Definitely not saying Germany "needed" to be forgiven. Just saying that it *was* forgiven (or should I say, at least came to be much better understood), and isn't that something. Yay for hating the sin and loving the sinner! It can be done, sez that one example at least. Forgiving Hitler and the Nazis themselves would obviously be even more amazing, and some people including some Holocaust victims have managed to do just that. Even better! Astonishing as well.

Re: morality ... just so we're clear, let me officially state that I do agree that morals and ethics are inevitably subjective. Lots of people disagree with me on that point of course (e.g. religious zealots who consider the Bible and church authorities to be the final words on all things ethical and moral). Nevertheless, I still believe in *trying* to behave ethically and morally, using whatever resources (e.g. diverse literature and discussions with diverse people having the objective of giving morals and ethics considerable thought) are reasonably available to one to make the best guesses one can within the confines of one's own abilities.

Meanwhile, I expect other people to make "different moral or ethical choices" than I would because they have a different understanding (and hence have guessed differently) than I have about what constitutes ethical/moral behavior. Not always a happy situation, but for the most part, I think I can live with that. For example, right-to-lifers will generally continue to try to outlaw abortion, and even though I can't in good conscience support them in that effort, I can still respect the likelihood that they're trying to do the right thing (as am I).

It can certainly be argued that there should be "no laws about anything" since ethics and morals are so subjective, but I can at least understand why "society as a whole" feels that it needs to enforce certain things (Confining to either prison or at least a psychiatric institution someone who's just committed a series of violent rapes seems to me like a particularly understandable example).

Now socially pressuring (let alone physically forcing) people into cutting their hair, living monogamously, or even wearing clothes especially when illogical due to hot weather, stuff like that, in my opinion is certainly going overboard in the "mission to see that basic ethics/morals are carried out in society." Hair growth, polyamory, and public nudity are not ethical/moral issues in my eyes; they are merely matters of personal choice and preference.

Sooo ... where does one draw the line between stuff that "needs" enforcement (e.g. violent-rape prevention) and stuff that *doesn't need* enforcement (or even persuasion)? I don't precisely know, and I seeeriously doubt that anyone really knows. Again, as with the personal exercise of morals and ethics using one's best (hopefully educated) guess, the best I can expect any society to do is to try to conduct its affairs morally/ethically to the best of its (hopefully educated) collective understanding. Sucky state of affairs but there it is.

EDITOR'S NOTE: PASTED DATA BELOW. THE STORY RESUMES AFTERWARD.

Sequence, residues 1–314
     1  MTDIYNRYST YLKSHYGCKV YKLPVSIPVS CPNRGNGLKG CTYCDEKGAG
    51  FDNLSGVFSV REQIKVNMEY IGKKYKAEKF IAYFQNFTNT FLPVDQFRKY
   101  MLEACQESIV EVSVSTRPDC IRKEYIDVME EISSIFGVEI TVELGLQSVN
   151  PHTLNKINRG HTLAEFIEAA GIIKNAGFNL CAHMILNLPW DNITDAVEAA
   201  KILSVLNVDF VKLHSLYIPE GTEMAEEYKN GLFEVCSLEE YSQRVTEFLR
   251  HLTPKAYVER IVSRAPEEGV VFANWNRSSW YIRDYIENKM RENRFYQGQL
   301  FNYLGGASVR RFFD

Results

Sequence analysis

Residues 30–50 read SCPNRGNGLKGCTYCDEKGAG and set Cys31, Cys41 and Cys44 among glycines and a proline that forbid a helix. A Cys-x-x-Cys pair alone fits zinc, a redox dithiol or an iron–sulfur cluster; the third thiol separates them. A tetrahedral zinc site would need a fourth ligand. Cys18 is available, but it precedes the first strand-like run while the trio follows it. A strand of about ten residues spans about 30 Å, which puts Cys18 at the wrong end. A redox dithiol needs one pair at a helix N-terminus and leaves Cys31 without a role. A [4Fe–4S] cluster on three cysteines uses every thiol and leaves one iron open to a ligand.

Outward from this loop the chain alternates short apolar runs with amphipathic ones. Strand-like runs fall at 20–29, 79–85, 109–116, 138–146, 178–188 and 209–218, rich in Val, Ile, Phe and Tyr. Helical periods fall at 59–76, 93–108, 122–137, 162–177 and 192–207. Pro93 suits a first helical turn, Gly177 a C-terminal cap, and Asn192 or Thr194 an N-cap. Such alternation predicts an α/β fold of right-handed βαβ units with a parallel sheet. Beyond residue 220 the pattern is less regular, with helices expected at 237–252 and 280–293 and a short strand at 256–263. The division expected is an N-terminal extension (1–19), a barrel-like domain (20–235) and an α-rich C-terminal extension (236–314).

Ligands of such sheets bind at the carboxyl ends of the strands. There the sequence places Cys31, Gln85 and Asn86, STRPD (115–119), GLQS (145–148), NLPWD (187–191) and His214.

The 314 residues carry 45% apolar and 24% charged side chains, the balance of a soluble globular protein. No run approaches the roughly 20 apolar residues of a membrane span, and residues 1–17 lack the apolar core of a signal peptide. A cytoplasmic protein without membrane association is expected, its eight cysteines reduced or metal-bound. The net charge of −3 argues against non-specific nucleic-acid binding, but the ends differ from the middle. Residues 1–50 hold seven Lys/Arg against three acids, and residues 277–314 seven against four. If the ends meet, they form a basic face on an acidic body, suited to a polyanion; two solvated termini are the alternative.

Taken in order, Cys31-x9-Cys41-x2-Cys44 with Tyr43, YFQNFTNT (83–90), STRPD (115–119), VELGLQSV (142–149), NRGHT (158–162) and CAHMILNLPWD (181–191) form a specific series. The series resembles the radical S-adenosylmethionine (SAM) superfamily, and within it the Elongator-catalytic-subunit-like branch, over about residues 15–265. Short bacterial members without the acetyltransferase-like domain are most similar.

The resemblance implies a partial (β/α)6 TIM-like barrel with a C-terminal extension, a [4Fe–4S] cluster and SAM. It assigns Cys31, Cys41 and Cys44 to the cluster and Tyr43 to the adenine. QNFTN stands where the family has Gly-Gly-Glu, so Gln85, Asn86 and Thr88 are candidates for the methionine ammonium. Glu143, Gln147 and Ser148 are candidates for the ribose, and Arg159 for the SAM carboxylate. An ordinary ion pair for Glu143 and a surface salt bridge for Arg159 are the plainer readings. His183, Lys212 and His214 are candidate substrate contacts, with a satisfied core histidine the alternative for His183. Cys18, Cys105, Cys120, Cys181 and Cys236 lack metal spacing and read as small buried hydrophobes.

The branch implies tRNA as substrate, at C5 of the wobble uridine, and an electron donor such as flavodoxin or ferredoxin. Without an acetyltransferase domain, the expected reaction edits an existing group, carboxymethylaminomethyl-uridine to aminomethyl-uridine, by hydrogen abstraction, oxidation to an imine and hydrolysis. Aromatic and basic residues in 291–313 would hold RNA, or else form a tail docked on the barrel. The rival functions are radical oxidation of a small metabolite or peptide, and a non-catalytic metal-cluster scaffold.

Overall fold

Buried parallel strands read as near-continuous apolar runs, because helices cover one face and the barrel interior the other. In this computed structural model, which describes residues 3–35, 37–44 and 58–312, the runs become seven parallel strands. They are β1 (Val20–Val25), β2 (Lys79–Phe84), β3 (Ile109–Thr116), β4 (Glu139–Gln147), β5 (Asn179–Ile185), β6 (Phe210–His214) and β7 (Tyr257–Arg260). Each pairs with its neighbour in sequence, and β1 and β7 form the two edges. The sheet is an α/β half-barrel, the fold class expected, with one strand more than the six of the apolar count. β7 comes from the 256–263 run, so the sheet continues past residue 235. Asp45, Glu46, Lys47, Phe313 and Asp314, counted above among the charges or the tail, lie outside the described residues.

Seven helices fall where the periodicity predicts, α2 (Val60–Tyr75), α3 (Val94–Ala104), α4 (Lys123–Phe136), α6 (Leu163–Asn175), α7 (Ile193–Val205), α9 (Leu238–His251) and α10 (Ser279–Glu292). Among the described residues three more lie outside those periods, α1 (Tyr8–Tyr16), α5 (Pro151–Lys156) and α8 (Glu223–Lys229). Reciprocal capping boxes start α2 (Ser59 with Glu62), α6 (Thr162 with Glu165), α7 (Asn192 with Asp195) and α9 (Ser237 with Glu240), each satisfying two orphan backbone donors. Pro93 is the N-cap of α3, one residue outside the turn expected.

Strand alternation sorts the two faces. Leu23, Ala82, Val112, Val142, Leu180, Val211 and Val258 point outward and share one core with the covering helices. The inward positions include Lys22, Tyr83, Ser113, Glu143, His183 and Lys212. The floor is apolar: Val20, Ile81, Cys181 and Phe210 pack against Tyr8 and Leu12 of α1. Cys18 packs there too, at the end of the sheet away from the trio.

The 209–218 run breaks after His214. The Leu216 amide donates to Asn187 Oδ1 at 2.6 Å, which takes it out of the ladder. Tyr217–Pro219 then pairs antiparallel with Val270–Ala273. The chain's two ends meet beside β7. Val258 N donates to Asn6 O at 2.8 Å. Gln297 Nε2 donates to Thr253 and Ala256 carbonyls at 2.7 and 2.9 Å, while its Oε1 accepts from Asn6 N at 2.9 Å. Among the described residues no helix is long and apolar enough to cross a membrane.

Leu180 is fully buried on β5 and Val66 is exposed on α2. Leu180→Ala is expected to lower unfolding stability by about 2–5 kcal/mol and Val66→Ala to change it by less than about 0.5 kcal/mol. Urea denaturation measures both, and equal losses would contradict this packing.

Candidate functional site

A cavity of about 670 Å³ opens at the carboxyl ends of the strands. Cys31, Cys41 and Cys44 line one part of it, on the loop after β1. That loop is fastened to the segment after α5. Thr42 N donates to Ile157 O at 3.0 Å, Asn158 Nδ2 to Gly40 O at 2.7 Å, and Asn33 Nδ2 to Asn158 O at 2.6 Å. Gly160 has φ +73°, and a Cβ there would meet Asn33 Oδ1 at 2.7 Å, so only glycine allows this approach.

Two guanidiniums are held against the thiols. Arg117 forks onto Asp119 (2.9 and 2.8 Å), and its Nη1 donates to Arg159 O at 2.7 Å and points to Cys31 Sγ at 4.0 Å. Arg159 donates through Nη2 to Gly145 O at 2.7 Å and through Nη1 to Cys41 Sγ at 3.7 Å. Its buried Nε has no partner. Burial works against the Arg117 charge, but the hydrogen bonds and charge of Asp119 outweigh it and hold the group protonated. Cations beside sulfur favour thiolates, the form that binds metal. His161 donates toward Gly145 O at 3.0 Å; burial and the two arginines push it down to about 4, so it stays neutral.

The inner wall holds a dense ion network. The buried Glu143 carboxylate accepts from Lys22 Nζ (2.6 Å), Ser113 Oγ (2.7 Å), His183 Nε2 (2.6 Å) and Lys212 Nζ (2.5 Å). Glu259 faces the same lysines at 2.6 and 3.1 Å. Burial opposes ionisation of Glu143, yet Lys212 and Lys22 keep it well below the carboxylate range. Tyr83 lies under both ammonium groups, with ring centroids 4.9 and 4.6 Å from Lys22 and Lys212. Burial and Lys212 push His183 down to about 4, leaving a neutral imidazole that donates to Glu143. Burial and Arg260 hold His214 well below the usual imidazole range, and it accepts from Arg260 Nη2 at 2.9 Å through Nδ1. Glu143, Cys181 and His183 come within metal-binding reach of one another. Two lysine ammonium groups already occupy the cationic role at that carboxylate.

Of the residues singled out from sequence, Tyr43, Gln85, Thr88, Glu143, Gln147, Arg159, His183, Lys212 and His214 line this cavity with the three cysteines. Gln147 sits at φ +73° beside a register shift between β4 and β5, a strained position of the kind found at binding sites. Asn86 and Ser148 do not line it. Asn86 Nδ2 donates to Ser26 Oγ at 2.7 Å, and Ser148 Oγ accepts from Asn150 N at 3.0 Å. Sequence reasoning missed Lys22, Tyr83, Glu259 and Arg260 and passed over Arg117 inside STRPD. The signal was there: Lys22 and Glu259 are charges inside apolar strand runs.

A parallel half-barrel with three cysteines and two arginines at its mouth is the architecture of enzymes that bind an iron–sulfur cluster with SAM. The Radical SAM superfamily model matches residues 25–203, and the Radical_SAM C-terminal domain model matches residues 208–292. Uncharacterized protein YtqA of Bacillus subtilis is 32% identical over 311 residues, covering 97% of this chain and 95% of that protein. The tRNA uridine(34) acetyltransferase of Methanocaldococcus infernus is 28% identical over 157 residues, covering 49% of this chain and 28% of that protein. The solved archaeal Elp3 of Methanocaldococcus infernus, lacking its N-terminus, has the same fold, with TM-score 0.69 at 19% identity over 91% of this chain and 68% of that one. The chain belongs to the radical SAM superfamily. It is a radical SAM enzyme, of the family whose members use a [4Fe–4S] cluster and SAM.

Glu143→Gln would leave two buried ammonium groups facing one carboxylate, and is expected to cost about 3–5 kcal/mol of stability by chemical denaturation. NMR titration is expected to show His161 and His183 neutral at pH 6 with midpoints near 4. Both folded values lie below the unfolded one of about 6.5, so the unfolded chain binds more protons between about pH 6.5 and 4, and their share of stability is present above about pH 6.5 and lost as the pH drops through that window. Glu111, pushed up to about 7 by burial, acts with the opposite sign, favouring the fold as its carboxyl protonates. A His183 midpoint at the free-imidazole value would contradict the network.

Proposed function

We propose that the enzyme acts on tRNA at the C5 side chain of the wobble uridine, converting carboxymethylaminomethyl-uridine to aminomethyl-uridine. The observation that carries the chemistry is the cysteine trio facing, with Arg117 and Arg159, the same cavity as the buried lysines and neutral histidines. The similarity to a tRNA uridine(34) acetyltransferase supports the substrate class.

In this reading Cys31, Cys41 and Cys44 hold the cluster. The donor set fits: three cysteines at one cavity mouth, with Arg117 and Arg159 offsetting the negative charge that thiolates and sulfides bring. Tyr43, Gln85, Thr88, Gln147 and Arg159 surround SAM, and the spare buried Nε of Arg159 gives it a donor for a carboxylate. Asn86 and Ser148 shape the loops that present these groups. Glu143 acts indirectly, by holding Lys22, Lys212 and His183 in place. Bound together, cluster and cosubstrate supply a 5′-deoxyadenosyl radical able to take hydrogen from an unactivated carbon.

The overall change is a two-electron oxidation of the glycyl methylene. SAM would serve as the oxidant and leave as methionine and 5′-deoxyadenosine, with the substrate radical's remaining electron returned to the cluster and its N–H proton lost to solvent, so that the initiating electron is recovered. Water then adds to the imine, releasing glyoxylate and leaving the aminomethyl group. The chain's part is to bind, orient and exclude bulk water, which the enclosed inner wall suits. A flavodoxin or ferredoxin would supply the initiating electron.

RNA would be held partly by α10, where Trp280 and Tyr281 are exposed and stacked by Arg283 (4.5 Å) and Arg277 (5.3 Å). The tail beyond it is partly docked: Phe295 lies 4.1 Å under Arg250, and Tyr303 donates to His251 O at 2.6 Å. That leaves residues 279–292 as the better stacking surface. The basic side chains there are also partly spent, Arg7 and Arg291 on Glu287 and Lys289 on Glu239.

Re: your definitions of, and distinctions between, guilt and shame ... sound fine to me.
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Old 11-12-2013, 12:41 AM
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Re: good ... gods I hope you're not hoping that I'll give you a complete list of what things I consider to be good! I'd need a huge library, way more time than I'll ever have, and a post ridiculously longer than Polyamory.com's one-post limit, in order to accomplish that. Sorry, that's one request I just can't carry out. If you want me to "be specific" about what "good" means to me, I'll need you to be specific about what kind of specifics you have in mind. I guess I don't have some formulaic code I can use to automatically determine what's good. For the most part I just make judgment calls on a case-by-case basis. Unsatisfactory perhaps to some, but to me it seems to be adequately satisfactory for my own purposes.

Sure "good" is subjective. Oh well, back to the type of problem that morals and ethics present: We all have to guess at what constitutes good, and the best we can do is to try to educate ourselves about various people's philosophies in order to engage ourselves in deeper thought about the matter and hopefully improve our guesses. Well that's a shitty deal ... but unfortunately, it's all we've got.

Re: intelligence ... yep, most certainly comes in all shapes and forms. Is it possible that someone out there (especially if there's an infinite number of inhabited universes) knows everything? Why yes it is. Do we therefore *know* that someone exists out there who knows everything? Other than that (those) hypothetical someone/s, no, I don't think any of the rest of us know one way or another.